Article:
This is a rare example of an 18th century crane badge. The white satin stitch embroidery on the body of the crane has almost disappeared, which is not unusual in examples of embroidery from Viet Nam where degradation of fibres has occurred due to harmful dye-stuff. The intended design outline of the bird is visible, this is very much in the classic Chinese form, presumably the embroiderer would have added her own stitch interpretations to the pattern. Pomegranate and narcissus are sprouting from the waves on the right and left and two representations of coral are on either side of the rock formation. The design at the top of the badge is quite different from the later badges with an unusual key fret design framing the symbolic images of peaches (longevity) and bats (happiness). The unusual border is composed of three staggered rows of gold-wrapped thread couching which form a brickwork pattern. An illustration of a similar badge can be found in 'Journal of an Embassy to the Courts of Siam and Cochin China' published in 1928 by John Crawfurd. It shows the bird dominating the space which facilitates the easy identification of rank.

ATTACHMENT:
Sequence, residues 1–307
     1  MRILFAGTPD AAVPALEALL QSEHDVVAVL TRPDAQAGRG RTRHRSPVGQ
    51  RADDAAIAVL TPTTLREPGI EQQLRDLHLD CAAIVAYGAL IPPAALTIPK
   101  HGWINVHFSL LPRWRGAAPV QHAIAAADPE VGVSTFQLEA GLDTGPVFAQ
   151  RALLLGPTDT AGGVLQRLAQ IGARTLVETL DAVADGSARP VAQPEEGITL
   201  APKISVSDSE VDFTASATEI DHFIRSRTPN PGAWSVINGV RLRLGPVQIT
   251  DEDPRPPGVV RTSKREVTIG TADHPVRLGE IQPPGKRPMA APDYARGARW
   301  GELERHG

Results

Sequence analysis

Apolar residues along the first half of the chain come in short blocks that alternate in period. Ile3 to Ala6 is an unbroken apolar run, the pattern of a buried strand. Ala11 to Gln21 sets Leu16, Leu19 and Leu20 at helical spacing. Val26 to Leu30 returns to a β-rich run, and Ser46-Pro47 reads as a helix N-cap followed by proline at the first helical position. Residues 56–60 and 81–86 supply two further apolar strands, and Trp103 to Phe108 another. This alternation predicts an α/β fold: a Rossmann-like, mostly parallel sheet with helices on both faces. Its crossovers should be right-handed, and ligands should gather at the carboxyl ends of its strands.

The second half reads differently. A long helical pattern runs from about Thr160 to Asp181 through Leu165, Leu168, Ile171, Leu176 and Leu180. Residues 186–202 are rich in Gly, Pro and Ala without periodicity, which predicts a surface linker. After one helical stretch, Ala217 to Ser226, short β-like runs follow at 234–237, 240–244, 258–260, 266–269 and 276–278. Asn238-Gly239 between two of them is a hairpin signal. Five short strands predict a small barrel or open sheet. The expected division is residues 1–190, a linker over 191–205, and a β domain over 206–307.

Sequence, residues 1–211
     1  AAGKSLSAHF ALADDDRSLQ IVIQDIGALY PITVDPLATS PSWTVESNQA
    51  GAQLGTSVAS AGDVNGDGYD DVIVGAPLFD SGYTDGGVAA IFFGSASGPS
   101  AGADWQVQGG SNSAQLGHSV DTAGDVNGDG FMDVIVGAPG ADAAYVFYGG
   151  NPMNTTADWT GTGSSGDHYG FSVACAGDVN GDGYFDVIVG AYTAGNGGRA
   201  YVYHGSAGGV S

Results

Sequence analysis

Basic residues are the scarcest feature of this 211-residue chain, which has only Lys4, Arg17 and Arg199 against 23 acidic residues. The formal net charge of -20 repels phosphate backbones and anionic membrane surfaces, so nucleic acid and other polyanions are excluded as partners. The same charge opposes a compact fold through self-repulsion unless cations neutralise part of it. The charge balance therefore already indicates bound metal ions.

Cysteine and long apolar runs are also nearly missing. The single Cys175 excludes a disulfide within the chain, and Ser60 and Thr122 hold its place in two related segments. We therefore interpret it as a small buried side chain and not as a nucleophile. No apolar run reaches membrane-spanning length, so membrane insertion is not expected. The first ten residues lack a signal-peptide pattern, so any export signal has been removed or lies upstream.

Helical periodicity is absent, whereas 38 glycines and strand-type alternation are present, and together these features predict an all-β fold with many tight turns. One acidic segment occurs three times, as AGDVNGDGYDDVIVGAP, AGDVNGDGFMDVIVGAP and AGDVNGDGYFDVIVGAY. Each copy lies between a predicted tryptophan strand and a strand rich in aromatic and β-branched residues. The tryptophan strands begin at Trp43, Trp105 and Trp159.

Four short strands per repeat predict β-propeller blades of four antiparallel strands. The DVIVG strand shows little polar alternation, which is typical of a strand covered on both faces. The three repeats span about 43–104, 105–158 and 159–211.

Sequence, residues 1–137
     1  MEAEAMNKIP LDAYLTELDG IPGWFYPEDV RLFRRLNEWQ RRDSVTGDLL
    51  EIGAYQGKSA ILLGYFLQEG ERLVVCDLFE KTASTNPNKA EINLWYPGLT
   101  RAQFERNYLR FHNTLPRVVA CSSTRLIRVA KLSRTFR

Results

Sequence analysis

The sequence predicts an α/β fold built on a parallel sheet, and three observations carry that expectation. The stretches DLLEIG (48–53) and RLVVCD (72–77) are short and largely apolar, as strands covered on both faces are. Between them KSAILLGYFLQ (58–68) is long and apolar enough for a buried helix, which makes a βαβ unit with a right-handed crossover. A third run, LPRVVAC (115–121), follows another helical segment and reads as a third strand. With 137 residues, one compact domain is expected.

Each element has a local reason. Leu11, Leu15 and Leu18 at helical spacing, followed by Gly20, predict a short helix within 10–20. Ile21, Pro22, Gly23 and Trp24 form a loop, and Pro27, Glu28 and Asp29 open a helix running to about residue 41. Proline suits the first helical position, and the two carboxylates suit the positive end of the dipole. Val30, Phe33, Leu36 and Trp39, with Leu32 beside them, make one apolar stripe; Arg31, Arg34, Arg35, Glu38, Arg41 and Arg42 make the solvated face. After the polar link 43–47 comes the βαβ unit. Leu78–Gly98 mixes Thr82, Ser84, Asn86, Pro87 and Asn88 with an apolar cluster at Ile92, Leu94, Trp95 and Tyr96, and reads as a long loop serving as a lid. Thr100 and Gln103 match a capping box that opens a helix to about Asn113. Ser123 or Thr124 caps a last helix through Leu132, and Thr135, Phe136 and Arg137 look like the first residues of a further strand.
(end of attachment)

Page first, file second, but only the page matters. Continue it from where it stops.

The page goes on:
Judith Rutherford, 'Annamese Insignia: Rank Badges from Vietnam', Arts of Asia, October 2006
Where the work was made
Referenced in 3 publications
Schuyler Cammann, Harvard Journal of Asian Studies [vol 8], 'The Development of the Mandarin Square', pg 118-120, United States of America, 1944, 118-120.
Schuyler V.R Cammann., Arts of Asia, 'Other Mandarin Squares: Korean, Annamese and Unfamiliar Examples', Hong Kong, Mar 1992-Apr 1992.
Judith Rutherford., Arts of Asia, 'Annamese Insigna: Rank Badges from Vietnam', Hong Kong, Sep 2006-Oct 2006, 123 (colour illus.).